For Reefer Madness the play, Christian won the L.A. Drama Critics Circle Award for Lead Performance, playing Jimmy, the role he recreates for the film adaptation. He has also starred in Jonathan Larson's national theater productions of Tick,Tick…Boom, and Nagasaki Dust.
In 1997, Christian acquired the Lexington Theatre in Los Angeles. He then founded its resident theater company, the Blue Sphere Alliance, where he held the lead role in Nagasaki Dust, which garnered a Theater L.A. Award nomination. He later formed the New York extension of the company, Blue Sphere East, where he currently serves as artistic director.
Born in Toronto, Canada, Campbell began acting at the age six in Scottish "pantos" and other productions directed by his father, a drama teacher. His professional stage debut at age 12 was in the role of Nick in Herb Gardner's A Thousand Clowns for his mother’s dinner theatre The Annex Stage. He studied at the Claude Watson School for the Performing Arts, and it was during that time that he began an ongoing role in the popular Canadian series Degrassi Junior High, (which is now available on DVD).
During dinner in Boston a year or so ago, during a benefit for the late David Brudnoy’s Fund For AIDS Research, Campbell went into detail about his life and explained, among other things, how he acquired the middle name Bethune. "Neve," he says, about his sister’s unique name, "was named after my mother’s maiden name." Nothing too revealing there. But. "I got my middle name," he says, "after the doctor Norman Bethune, who was the creator of the blood transfusion and battle ambulance. He lived during The Spanish Civil War and was a communist. Funny thing. My father, around the time I was born, was a socialist, being from Canada and all, and named me after Norman Bethune. To this day, Norman Bethune is a Canadian icon."
Christian’s next project will be producing a revival of Michael Weller's Loose Ends Off-Broadway.
"Austin Pendleton is set to direct," actor-producer Campbell, said, recently from Los Angeles, where is spending the season, with girlfriend Nikki, auditioning for television pilots.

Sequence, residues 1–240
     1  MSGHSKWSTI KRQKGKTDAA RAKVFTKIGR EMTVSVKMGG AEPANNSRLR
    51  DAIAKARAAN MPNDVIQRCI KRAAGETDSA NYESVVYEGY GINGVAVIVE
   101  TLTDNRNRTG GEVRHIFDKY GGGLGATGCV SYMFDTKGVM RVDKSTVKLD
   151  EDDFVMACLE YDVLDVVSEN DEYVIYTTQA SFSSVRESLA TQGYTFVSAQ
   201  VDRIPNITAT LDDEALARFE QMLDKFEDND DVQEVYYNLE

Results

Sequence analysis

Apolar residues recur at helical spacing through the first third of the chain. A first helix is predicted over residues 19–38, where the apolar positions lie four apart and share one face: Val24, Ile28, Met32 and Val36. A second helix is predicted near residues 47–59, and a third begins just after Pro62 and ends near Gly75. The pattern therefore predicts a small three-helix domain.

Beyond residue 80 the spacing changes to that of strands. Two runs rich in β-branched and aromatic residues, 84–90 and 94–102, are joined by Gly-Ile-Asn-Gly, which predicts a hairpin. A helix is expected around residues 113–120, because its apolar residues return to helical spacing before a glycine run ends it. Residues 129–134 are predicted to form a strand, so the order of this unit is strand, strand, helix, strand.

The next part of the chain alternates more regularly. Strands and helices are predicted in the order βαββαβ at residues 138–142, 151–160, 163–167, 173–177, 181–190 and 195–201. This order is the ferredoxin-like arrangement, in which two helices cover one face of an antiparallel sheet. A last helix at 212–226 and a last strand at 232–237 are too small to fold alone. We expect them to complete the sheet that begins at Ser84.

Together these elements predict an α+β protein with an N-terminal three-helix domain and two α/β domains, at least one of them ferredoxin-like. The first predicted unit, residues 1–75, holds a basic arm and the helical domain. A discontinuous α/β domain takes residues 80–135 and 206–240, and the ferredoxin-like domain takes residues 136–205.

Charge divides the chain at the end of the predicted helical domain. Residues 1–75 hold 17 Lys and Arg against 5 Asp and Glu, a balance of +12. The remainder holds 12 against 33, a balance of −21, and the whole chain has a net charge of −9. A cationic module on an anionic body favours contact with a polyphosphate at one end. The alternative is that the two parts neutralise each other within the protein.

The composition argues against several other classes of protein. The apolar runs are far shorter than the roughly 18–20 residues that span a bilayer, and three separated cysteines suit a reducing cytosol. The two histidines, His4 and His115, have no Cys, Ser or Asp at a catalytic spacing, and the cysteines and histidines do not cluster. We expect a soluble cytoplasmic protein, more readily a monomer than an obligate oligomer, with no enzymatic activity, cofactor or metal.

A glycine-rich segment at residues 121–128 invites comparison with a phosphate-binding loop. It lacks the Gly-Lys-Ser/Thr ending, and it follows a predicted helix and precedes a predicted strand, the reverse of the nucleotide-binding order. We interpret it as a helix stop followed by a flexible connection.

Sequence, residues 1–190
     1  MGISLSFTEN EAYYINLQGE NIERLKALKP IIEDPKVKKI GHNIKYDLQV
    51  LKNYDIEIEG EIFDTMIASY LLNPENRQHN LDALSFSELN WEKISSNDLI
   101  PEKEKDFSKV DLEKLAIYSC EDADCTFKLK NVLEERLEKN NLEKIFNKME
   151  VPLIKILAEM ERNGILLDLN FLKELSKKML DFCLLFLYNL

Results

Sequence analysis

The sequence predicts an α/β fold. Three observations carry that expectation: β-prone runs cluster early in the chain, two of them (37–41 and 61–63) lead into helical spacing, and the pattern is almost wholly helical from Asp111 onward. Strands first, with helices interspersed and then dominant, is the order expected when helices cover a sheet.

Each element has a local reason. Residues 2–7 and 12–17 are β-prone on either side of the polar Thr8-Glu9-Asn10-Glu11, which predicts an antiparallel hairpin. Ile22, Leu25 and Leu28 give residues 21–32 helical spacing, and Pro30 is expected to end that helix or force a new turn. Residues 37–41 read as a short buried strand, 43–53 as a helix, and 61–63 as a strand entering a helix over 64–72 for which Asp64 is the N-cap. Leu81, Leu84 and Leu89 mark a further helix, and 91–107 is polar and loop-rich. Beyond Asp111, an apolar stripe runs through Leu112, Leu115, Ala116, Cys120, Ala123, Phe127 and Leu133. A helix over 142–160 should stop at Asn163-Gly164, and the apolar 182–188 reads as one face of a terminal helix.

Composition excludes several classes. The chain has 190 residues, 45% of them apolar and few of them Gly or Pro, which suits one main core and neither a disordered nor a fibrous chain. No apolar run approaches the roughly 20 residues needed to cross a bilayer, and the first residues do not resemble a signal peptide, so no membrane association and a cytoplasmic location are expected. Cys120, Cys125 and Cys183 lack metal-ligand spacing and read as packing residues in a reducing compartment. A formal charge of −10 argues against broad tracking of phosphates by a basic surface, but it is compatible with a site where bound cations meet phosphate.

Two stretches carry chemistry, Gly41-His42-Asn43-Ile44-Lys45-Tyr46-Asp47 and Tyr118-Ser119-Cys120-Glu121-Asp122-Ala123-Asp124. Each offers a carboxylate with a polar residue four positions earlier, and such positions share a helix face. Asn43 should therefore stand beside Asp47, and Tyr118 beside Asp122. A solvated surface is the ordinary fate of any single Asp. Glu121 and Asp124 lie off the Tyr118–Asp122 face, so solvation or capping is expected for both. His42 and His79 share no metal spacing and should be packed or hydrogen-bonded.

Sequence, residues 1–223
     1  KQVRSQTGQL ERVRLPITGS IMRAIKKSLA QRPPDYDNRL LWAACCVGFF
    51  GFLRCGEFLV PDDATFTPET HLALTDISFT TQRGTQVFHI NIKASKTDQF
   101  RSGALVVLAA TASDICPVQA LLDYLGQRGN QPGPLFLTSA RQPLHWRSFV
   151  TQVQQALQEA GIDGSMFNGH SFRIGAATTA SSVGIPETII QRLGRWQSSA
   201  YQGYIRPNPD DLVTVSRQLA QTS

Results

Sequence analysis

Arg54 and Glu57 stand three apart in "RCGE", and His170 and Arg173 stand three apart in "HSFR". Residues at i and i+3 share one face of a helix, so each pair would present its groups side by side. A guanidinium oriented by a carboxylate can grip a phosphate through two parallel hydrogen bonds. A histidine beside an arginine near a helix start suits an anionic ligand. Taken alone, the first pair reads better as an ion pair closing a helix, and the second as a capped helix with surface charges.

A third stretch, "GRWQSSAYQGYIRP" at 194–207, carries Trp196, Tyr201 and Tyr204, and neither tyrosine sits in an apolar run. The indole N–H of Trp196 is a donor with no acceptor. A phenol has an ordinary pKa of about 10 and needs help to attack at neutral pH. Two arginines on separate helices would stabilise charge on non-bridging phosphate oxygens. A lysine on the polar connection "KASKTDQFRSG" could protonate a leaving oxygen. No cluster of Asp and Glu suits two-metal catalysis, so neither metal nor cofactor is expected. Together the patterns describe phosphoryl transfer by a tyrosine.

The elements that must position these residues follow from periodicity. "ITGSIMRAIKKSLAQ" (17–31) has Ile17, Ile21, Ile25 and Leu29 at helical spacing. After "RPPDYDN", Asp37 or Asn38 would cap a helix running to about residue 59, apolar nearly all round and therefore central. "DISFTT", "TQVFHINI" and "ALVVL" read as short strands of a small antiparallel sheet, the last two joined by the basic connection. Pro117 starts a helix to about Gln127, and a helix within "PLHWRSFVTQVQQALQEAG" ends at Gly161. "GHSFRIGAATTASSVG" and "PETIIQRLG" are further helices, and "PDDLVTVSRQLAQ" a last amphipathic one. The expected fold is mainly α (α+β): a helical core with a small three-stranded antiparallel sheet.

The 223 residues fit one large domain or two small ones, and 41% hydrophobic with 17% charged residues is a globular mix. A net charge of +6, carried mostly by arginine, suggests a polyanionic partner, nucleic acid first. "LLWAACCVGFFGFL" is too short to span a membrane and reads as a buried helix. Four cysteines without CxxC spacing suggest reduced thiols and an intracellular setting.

Loose Ends follows the tumultuous relationship of a world-traveling man and woman in the 1970s from their first meeting on a beach in Bali to their marriage in Boston to an unexpected revelation when they are reunited in New York.
The play made its world premiere at the Arena Stage in Washington, D.C. in Feb. 1979. The Alan Schneider-directed production moved to Broadway's Circle in the Square where it opened May 25, 1979. Roxanne Hart and Kevin Kline starred as the lead couple in a cast that also included Jay O. Sanders and Jodi Long. The play was revived Off-Broadway in 1988 with Terry Kinney, Jane Kaczmarek and Laurence Fishburne.
Pendleton is an actor and Tony Award-nominated director who has appeared on Broadway in The Diary of Anne Frank, Grand Hotel, Doubles and The Little Foxes and in numerous films.
In addition to Campbell, Showtime’s Reefer Madness boasts the talent of original Off-Broadway co-star Kristen Bell (Veronica Mars). John Kassir and Robert Torti join in the Dan Studney-Kevin Murphy musical satire of the 1936 cautionary film meant to discourage young people from using marijuana. Campbell's sister Neve is also featured in the film with Tony Award winning and movie star Alan Cumming (Eyes Wide Shut and Son of the Mask), Steven Weber (The Producers), Amy Spanger (Urinetown, Chicago) and Ana Gasteyer (The Rocky Horror Show). For more info, visit the official website at www.sho.com.
Leaving All My Children to pursue his movie and theater career this past January after a year, Campbell attended the 35th Anniversary celebration of the immensely popular soap and sang an original Laurence O'Keefe (Bat Boy) tune titled "Sensitive Song." The event — in which Tonya Pinkins (Caroline, or Change), Susan Lucci (Annie Get Your Gun), special guest Kathy Brier (Hairspray) and other stars sang showtunes — was a benefit for Broadway Cares/ Equity Fights Aids.
Reefer Madness debuts on Showtime this April. Check your listings for dates and show times. And book your tickets soon for Loose Ends.